A significant effect of age on skin ultrasound thickness and stiffness was also found. In general, a higher age was associated with thinner and softer skin, considering all sites considered in the overall population, and in more than half of the skin sites evaluated. This effect was more pronounced in men. A previous study showed that skin was thinner in men and women aged 60+ versus aged 27–31 years, in the six skin sites evaluated.15 Another group reported that skin thickness tends to increase in the 21–40-year category and decrease after 60–70 years of age.17 In a shear-wave elastography study of age-related skin changes, it was found that values were significantly lower in individuals older than 50 years compared with the 20–50 year group, at the finger and forearm, but not in the chest or abdomen.16

Direct comparisons between our results and those observed in previous studies are hindered by several factors, with emphasis on the differences in the skin sites assessed and in the ultrasound measurement techniques (eg, equipment and probe frequency, units reported and different software used in elastography). Furthermore, no previous study developed reference values for the whole age range, so we can only compare subgroup mean values. Our study seems to be unique in the recruitment stratified for age and gender, to obtain a sample in which these factors are balanced.

Our study confirms that ultrasound evaluation of all 17 Rodnan scores is reproducible and feasible in a reasonable amount of time. We have found a good-to-excellent intraobserver reliability for B-mode and elastography full process of acquisition and image analysis, and this was also extensive to intrarater and inter-rater B-mode image analysis (by four raters). This may suggest that, in the future, saved ultrasound images may be centralised and analysed provided that a minimum of training is provided. This was also confirmed in a previous study that showed good-to-excellent inter-rater reliability of the full process and is in line with data reported in the literature.25 Regarding feasibility, we found a strong concordance between the evaluation of the two body sides. This aspect is relevant, as it might raise the rational to only evaluate one side of the body, on the bilateral symmetric Rodnan sites. Nonetheless, this finding should be further confirmed in the SSc population. Feasibility and time reduction of ultrasound evaluation (image acquisition and analysis) is one of the key aspects prioritised in our previous research agenda,14 and the results of this study definitely contribute to shed a light in this topic.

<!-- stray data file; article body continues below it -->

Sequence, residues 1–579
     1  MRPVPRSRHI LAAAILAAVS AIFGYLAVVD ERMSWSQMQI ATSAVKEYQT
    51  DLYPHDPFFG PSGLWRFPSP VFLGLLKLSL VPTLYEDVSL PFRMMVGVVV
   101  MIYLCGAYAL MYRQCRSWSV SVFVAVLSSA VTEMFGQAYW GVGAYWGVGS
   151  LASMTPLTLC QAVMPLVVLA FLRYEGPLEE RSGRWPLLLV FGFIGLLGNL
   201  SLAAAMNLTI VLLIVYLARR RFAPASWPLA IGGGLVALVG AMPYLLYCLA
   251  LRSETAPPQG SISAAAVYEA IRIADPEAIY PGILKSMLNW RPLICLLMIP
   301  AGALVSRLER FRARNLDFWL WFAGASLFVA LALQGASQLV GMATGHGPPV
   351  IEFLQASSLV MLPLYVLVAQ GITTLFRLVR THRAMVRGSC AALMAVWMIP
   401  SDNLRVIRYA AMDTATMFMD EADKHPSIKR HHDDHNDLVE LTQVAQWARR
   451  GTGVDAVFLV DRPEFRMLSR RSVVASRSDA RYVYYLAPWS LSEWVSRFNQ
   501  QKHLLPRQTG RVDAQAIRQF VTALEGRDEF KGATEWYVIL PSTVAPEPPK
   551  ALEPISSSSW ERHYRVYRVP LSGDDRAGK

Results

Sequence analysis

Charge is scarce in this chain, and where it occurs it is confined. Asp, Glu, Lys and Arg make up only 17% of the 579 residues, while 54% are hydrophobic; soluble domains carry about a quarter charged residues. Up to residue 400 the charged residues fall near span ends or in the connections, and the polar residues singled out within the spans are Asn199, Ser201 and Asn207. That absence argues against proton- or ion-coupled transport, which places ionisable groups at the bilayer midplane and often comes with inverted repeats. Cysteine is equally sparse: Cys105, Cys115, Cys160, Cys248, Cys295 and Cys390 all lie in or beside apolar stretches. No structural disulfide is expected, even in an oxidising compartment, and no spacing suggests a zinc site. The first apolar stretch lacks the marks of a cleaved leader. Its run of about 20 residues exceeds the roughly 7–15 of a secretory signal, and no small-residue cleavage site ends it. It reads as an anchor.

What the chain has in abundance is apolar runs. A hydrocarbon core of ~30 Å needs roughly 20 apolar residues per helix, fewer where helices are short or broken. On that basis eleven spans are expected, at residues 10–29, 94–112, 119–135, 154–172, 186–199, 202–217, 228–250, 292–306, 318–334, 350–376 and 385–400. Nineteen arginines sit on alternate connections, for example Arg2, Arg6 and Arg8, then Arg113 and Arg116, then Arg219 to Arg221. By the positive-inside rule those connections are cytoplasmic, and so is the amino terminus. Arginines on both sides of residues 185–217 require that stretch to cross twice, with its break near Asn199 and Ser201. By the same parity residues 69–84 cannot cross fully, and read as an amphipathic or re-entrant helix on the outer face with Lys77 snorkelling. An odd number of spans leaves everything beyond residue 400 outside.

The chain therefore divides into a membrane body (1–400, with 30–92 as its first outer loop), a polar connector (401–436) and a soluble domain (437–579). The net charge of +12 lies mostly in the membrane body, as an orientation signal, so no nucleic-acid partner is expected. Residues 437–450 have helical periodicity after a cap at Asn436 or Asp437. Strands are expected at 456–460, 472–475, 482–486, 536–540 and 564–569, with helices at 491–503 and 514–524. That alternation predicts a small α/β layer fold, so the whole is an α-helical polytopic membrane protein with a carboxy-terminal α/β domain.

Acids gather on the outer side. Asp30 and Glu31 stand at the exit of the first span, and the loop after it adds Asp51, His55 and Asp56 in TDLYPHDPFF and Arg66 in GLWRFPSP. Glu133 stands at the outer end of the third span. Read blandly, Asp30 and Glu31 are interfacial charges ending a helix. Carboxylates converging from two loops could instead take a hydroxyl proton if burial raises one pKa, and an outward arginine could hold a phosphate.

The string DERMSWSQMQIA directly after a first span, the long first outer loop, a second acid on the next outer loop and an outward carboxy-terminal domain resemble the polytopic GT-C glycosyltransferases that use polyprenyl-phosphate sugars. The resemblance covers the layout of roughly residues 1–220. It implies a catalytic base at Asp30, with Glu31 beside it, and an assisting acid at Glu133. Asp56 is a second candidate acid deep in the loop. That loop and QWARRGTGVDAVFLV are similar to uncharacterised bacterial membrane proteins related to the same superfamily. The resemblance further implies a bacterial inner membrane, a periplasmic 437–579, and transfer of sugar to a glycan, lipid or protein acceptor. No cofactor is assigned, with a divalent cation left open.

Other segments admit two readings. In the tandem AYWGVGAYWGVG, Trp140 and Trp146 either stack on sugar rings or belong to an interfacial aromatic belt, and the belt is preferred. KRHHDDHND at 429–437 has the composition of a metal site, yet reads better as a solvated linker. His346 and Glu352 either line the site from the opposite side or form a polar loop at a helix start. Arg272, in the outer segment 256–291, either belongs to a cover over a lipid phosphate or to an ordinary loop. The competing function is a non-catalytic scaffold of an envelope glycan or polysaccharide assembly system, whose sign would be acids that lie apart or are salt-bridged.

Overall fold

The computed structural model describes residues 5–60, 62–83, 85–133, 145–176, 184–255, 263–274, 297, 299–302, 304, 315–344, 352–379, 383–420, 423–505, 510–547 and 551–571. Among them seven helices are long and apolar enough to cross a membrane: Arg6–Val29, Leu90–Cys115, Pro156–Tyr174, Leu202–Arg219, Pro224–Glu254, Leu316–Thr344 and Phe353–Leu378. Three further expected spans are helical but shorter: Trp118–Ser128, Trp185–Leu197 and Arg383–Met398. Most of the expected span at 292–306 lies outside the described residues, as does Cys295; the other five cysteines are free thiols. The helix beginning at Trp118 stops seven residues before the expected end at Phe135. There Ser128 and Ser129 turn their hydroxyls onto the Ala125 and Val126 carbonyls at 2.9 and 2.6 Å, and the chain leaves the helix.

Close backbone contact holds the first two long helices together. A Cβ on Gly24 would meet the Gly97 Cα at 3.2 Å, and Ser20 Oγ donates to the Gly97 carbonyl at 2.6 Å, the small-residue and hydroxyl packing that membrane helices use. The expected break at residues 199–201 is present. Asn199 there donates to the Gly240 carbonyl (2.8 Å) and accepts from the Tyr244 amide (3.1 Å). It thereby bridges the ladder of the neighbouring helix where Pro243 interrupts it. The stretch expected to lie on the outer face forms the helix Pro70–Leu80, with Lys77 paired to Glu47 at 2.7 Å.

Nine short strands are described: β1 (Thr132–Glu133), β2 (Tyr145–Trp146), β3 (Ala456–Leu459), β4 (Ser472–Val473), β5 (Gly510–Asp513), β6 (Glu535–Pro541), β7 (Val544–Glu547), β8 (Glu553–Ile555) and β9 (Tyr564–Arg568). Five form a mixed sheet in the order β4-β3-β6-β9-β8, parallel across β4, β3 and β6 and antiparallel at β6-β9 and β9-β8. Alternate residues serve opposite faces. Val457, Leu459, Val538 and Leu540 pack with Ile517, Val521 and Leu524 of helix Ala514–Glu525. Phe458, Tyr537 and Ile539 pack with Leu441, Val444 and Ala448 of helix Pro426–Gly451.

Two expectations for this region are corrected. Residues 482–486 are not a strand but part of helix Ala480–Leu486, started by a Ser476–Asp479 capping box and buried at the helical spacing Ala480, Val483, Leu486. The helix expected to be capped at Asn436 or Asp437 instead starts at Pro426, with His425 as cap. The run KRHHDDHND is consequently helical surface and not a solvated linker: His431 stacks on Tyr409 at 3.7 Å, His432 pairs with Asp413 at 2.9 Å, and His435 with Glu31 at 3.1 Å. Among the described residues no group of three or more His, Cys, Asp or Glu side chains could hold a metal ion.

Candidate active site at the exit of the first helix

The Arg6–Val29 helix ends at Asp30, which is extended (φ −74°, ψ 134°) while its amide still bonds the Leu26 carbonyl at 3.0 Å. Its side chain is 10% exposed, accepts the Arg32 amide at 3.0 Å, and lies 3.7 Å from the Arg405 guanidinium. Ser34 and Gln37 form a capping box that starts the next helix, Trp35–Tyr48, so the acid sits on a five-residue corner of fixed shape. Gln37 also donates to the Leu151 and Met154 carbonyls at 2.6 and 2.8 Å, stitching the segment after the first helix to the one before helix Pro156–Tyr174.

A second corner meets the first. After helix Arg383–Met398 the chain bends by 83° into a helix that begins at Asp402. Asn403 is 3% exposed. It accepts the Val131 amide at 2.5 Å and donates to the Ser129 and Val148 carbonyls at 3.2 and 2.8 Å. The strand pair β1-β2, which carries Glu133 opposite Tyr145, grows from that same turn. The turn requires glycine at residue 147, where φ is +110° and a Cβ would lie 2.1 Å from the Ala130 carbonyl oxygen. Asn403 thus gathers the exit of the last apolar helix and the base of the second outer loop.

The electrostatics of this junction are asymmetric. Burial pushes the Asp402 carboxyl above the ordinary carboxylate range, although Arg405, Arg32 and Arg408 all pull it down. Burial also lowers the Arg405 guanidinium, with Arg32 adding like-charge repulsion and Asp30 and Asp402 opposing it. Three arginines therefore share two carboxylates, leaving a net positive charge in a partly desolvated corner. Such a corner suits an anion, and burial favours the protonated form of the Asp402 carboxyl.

Our proposal of percentile curves is supported by a robust methodology. We had rigorous eligibility criteria which considered a large array of factors suspected of affecting skin properties. The ultrasound evaluation was fully standardised and in accordance to international recommendations. We exclusively evaluated the dermal thickness (instead of total skin thickness) and used a 18MHz probe, which is a recommended frequency and usually available in standard ultrasound equipment for use in clinical practice.14 We performed a comprehensive evaluation of all 17 Rodnan skin sites using well-defined landmarks. The evaluation of the sites was conducted by a well-trained sonographer and image assessors, with consistent results as reflected by good-to-excellent intrarater and inter-rater reliability. Finally, we employed robust statistical methodology.